# Q&A: How Much of the Earth Can Be Seen

Question: On a recent transcontinental flight the pilot announced we were flying at an altitude of 40,000 feet to avoid some bad weather, and that was about as high as we could fly. When I looked out the window I swear I could see the curvature of the Earth. My question is: Just how much of the Earth can I see from that high an altitude? — JS, New York, NY

Answer: I have a formula for calculating the amount of Earth’s surface visible, given the observer’s altitude. It necessarily assumes you have a clear view of the horizon in all directions, unblocked by buildings or mountains. That’s pretty much the case when you’re flying at high altitude, less so if you’re just on the roof of a tall building.

Some time ago I was reading a short story by Edgar Allan Poe called Hans Phaall. The story was written in 1835, and describes an attempt by the protagonist to fly in a balloon to the Moon. Poe didn’t know there was a vast gulf of airless outer space between the Earth and Moon, but he got one important point correct. And I quote:

“At twenty minutes before nine o’clock – that is to say – a short time prior to my closing the mouth of the chamber, the mercury attained its limit, or ran down, in the barometer, which I mentioned before was one of extended construction. It then indicated an altitude on my part of 132,000 feet, or five and twenty miles, and I consequently surveyed at that time an extent of the earth’s area amounting to no less than the three-hundred-and-twentieth part of its entire superficies.”

Poe was asserting that Hans Phaall, from the lofty altitude of 25 miles, could see 1/320 of the Earth’s total surface area.  When I read a claim like that in a science fiction story, I sometimes check its accuracy just to see if the author took the time to get it right. Occasionally I find errors.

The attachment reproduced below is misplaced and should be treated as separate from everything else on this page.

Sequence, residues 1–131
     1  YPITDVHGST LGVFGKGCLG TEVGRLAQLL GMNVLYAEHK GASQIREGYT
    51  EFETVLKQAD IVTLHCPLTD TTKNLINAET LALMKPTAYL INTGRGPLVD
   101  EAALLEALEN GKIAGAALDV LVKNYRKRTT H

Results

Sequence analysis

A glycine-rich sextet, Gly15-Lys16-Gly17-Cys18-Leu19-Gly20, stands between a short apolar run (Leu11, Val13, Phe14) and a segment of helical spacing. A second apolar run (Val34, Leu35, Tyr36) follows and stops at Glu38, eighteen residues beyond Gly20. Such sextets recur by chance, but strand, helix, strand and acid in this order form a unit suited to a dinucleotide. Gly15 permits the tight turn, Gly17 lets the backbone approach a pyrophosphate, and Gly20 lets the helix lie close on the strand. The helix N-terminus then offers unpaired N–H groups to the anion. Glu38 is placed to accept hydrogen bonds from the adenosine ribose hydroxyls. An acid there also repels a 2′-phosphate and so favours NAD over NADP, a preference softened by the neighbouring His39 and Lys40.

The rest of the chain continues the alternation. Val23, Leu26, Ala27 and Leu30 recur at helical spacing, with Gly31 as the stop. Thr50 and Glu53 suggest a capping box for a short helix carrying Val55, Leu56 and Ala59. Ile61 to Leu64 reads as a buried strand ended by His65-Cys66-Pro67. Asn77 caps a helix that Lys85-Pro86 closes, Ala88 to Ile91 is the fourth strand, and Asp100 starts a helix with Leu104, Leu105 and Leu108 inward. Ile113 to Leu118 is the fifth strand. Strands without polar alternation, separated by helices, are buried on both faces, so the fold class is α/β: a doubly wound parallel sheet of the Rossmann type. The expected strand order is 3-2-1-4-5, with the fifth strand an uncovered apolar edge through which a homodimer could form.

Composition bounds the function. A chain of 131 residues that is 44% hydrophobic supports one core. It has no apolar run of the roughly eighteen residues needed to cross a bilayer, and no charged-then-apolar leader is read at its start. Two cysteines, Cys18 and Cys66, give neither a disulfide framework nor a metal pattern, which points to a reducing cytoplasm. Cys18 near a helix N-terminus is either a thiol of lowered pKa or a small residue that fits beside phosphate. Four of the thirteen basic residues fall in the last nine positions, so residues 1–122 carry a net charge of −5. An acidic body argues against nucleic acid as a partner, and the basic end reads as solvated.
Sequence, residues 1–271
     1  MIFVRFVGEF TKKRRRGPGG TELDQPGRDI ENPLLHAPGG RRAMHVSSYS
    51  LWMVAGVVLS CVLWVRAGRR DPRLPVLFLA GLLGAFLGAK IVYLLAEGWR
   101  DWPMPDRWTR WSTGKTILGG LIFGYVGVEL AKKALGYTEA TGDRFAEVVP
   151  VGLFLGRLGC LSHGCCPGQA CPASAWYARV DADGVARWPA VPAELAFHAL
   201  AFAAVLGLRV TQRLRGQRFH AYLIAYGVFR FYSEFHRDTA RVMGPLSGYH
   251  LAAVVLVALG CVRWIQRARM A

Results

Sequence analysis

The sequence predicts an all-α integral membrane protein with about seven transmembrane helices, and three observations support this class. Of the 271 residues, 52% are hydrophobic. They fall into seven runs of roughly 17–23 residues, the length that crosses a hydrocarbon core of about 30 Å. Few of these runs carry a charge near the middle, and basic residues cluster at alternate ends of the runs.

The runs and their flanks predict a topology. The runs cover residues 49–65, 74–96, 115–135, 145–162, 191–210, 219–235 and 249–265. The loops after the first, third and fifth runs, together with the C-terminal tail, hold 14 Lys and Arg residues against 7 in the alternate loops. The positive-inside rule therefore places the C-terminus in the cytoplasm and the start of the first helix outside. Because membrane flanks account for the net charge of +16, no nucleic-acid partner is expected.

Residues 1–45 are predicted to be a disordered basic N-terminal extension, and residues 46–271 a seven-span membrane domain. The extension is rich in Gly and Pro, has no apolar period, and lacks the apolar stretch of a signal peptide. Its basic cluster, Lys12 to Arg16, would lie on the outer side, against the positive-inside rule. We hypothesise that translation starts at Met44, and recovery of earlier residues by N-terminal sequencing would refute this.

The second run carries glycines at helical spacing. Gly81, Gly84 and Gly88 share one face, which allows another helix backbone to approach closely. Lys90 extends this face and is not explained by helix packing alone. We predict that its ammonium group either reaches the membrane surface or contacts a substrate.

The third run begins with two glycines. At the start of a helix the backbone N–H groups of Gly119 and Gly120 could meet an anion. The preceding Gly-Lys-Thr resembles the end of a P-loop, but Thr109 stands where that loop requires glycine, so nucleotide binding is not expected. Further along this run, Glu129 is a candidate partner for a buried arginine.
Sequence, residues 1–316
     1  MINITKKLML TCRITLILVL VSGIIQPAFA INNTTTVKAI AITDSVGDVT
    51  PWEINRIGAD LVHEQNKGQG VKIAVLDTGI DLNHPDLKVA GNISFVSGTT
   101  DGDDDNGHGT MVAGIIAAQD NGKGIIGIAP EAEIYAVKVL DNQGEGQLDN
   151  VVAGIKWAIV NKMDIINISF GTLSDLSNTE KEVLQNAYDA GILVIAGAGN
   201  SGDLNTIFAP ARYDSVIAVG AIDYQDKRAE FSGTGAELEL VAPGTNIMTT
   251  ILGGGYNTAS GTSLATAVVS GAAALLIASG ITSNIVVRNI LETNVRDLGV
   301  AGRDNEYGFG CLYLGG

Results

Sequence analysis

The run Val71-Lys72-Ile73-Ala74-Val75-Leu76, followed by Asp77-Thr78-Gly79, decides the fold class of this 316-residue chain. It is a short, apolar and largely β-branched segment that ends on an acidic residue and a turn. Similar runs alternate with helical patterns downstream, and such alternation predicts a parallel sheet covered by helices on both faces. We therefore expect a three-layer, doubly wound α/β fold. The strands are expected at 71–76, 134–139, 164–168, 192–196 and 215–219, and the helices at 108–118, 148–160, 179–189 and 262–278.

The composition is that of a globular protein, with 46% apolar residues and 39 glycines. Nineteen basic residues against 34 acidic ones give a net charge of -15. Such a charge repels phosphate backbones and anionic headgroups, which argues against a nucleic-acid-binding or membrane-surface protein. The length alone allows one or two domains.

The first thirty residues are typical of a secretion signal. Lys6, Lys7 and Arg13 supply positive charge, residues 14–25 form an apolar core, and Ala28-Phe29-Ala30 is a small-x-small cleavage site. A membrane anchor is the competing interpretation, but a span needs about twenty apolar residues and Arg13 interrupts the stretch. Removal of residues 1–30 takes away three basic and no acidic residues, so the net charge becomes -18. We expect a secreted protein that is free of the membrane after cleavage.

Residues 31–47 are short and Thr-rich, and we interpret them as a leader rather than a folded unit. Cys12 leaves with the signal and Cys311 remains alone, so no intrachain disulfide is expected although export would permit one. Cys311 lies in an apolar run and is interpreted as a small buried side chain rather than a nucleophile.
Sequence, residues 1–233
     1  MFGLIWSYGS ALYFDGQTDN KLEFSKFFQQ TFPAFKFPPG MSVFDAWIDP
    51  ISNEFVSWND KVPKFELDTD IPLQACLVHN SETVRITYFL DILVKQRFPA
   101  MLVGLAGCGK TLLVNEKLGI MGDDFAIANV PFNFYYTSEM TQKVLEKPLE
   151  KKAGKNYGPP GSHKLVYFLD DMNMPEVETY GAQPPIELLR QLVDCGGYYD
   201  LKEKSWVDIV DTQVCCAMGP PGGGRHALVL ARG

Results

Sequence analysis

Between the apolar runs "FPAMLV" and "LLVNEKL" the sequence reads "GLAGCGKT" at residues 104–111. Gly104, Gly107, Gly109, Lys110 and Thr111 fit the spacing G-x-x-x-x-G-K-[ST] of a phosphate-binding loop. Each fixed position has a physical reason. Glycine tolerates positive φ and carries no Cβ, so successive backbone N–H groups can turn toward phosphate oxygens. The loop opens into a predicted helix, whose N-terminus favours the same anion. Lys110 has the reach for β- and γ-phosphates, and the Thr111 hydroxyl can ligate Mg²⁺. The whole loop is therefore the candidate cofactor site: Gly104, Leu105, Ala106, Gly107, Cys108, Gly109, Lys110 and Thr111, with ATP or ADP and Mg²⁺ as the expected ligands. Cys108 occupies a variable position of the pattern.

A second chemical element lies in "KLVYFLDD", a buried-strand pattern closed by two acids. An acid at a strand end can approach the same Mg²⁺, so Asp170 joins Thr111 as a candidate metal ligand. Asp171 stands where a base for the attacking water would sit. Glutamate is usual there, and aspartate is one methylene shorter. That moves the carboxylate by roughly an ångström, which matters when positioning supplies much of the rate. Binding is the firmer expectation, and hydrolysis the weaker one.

So I used that visibility formula to check Poe’s numbers. We know the total surface area of the Earth is 510 million km2 (197 million square miles). Its radius is 6.371 × 106 m (4000 miles). The rest is geometry and algebra. Poe got it right to within 2%. If you trust me on the math, skip to the chart. If you want to see the geometry, click on the thumbnail below.

 LOCATION OF OBSERVER ALTITUDE (m or km) ALTITUDE (ft or miles) PERCENT OF SURFACE VISIBLE average height person AGL 2 m 6 feet 0.0000157 % top of the Burj Khalifa in Dubai 829.8 m 2722 ft 0.00651 % top of Mt. Everest 8,848 m or 8.848 km 29,029 ft or 5.5 miles 0.0694 % high altitude airliner 12,000 m or 12 km 40,000 ft or 7.6 miles 0.0941 % Poe's fictional balloon 40,000 m or 40 km 132,000 ft or 25 miles 0.311 % International Space Station 330 km 205 miles 2.47 % on the Moon 384,400 km 238,900 miles 49.2 %

Just take the reciprocal of the numbers in that last column to get the fractional area. For example, using Poe’s numbers:

0.311 % = 0.00311 ⇒ 1 ÷ 0.00311 = 325 ⇒ one 325th of the Earth would be visible

Likewise, from at ground level (AGL), the average person sees only one 6.5-millionth of the entire surface, but on the International Space Station, astronauts enjoy a view of one 40th of the planet. And I’ve saved you some math by including your airline experience in the fourth row. You were seeing a little over a thousandth of the planet.

Next Week in Sky Lights ⇒ Poetry for Stargazers

## 2 comments on “Q&A: How Much of the Earth Can Be Seen”

1. terry toepker says:

I like the note! Can the folks at McMurdo Sound get signals from the geosynchronous satellite?
Best wishes,
tpt

1. By “note” I assume you mean the thumbnail? Just for symmetry, I showed point P at an altitude of 1 Earth radius. Geosynchronous satellites are at an altitude of 5.6 Earth radii, and that would wreak havoc on the diagram scale. But to answer your question, at 77° S latitude, sure, McMurdo Sound can “see” geosynchronous satellites. I believe that’s how they get internet at McMurdo Station (citation needed). When I visited Barrow, Alaska (71° N latitude) I saw a lot of satellite dishes, all aimed nearly horizontally. But I’m guessing signal dropouts are more common at those low aiming angles.